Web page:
From the Open Range of Montana to Cal State Fullerton

Vonna Hammerschmidt has Found Satisfaction in Helping Students

January 7, 2008

By Russ Hudson

When Vonna Hammerschmitt has the chance, she likes to vaccinate calves, doctor sick cows and watch deer and elk. What is she doing here at a major university?

Your guess is likely to be wrong. Hammerschmitt, director of the Mathematics, Engineering, Science Achievement program (MESA) since 1986, is helping guide young people — much like she did as a teacher, first in Montana, then inner-city Los Angles and Huntington Beach. Her winding path to Cal State Fullerton started in Montana, where the seeds to helping young people select future careers all began.

Q: What keeps you getting up in the morning?

A: My job is very fulfilling. Every day I help a student plan a path to college and help her or him navigate that path. My job is the best of being a teacher without all the discipline problems, the best of being an administrator without all the discipline problems — and I have a great time doing it.

Q: What do you remember about your first day at Cal State Fullerton, and how is it different now?

A: When I came to CSUF I wasn't really sure what my job entailed and I was very much in awe of higher ed. Now I am the person who gets the calls from other MESA directors because I am the "veteran."

Q: If you couldn’t do the job you’re doing now, what would you do?

A: I would be back in the classroom. I have always liked working with young people. I started out teaching Sunday school when I was in high school, and that was the beginning of my love for teaching.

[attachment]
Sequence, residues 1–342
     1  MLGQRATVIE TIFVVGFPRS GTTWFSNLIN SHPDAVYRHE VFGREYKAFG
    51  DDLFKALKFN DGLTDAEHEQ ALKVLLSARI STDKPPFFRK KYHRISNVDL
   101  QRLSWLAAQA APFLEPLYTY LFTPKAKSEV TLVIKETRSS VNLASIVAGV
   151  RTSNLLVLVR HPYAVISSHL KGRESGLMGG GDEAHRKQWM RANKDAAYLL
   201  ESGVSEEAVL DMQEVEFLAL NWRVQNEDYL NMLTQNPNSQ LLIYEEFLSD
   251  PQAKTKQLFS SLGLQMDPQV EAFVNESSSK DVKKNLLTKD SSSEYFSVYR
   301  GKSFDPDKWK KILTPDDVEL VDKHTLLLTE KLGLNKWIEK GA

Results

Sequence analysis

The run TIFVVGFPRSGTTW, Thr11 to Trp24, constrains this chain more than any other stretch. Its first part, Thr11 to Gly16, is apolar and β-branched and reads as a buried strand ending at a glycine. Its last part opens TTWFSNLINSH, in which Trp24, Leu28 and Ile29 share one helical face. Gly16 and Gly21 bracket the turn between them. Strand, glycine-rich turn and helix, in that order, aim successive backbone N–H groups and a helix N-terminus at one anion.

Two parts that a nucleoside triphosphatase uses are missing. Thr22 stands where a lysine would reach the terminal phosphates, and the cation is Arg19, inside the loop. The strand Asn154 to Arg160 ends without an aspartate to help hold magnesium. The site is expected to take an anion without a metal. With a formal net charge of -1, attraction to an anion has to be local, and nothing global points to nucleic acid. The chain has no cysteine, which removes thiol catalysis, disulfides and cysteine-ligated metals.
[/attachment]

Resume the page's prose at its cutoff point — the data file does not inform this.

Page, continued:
Q: What is the most valuable thing you have learned in your life and your personal goal?

A: You never know everything. There was a time when I thought I was God's gift to pedagogy — but I soon learned that wasn't so.
My personal goal in life is to know that I will leave the world a bit better than I found it. I believe I have done that through my work with MESA.

But there was a ‘before MESA’ in my life, too. When I was teaching second grade in L.A., I had a student who had just come from Mexico. He spoke little to no English, was very shy and seemed to be very lost. I took a special interest in him and helped him to learn English. He in turn, helped me to learn Spanish. I bought him a Spanish-English dictionary and continued to help him with English and with his homework as he moved through the grades.

When he was in sixth grade I left that school and began teaching in Orange County. I lost track of him, but often wondered what had happened to him. One December day 10 years later, I received a package via UPS. It had no return address and I had no idea who had sent it. Inside was a box of candy and a note that said, "Thank you for everything." It was signed “Roberto.” I called UPS and was finally able to get the address of the sender. I sent him a thank-you note and received a reply. He was in college studying to be a teacher, and working as an aide in the elementary school he had attended. From this I learned that you never know when, how or what will make a difference in a person's life.


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